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Publication Title

Sears: Lista de Encabezamientos de Materia, edited by Iván E. Calimano. New York: H.W. Wilson, 2008.

Document Type

Chapter in a Book

Publication Date



Since its first appearance in 1923, the Sears List of Subject Headings has sought to provide small and medium-sized libraries with an affordable list of subject headings of suitable size and scope. As one of two major subject headings systems in use in the United States, it has been looked to as a resource by librarians who have sought to translate or adapt an existing list of subject headings in order to create systems of Spanish-language subject headings.

Of the handful of lists of subject headings developed in Latin America in the first half of the 20th century, two have a connection to the Sears List. The first used the second edition of Sears as a source for potential headings, the other was a translation and adaptation of the fifth edition. In addition, two contemporary Spanish versions of the Sears List, one published by H.W. Wilson in 1984 and another in 2008, aim to play a role similar to that of the English Sears List for both small libraries in Latin America and small U.S. libraries with Spanish-speaking patrons.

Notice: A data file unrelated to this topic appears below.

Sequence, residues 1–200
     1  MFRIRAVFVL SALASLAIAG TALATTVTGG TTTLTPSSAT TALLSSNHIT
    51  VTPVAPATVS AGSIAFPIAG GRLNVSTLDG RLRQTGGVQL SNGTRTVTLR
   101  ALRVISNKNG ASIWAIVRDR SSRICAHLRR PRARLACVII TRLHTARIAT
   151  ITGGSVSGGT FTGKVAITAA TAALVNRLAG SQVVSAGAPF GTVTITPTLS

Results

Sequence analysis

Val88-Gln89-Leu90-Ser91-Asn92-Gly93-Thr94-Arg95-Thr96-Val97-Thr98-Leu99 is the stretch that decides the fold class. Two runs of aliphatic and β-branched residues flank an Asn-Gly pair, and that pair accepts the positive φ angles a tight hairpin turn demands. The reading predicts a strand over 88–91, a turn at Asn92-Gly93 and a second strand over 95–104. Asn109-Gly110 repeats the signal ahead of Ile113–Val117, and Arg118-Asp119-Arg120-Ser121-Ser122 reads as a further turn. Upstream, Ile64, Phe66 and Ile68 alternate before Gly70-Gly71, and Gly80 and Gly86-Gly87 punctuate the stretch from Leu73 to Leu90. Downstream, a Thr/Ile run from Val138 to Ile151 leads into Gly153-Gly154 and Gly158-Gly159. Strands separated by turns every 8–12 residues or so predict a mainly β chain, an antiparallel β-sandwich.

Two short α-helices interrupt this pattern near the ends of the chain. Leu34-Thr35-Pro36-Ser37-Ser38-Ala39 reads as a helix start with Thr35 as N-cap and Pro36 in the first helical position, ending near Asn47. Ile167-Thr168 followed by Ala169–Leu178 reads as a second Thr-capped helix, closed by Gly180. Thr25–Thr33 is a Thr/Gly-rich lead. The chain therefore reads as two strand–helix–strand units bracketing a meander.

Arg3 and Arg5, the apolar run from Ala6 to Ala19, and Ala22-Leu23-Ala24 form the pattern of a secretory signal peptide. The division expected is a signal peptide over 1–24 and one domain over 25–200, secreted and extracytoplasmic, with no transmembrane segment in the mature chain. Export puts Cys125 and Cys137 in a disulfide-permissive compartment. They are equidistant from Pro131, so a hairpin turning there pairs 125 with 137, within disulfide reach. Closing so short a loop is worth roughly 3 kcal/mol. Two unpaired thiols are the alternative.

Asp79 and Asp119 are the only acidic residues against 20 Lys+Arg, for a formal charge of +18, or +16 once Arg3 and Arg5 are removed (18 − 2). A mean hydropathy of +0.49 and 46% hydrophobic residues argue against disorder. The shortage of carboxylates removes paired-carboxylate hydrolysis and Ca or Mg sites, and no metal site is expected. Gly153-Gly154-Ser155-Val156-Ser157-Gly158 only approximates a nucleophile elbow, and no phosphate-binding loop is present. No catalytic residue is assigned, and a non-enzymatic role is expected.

Viewed as a progression, the four lists of subject headings to be discussed provide an illustration of the historical trajectory of subject cataloging in Spanish. Manrique de Lara's 1934 list and the 1949 list produced under Penna's direction were pioneering efforts to institute subject authority control, in the context of the modernization and consolidation of library science taking place in Latin America in the first half of the 20th century. The two contemporary lists, Rovira's 1984 version and Calimano's 2008, indicate that despite the development and widespread use of several Spanish subject headings systems, cost and limited technical infrastructure remain obstacles for smaller libraries in Latin America and in the U.S. The Sears List has played a role in the development of Spanish-language subject headings from the inception of such efforts, and continues to contribute to their evolution by introducing a new list of headings designed to address the needs of libraries not met by other lists.



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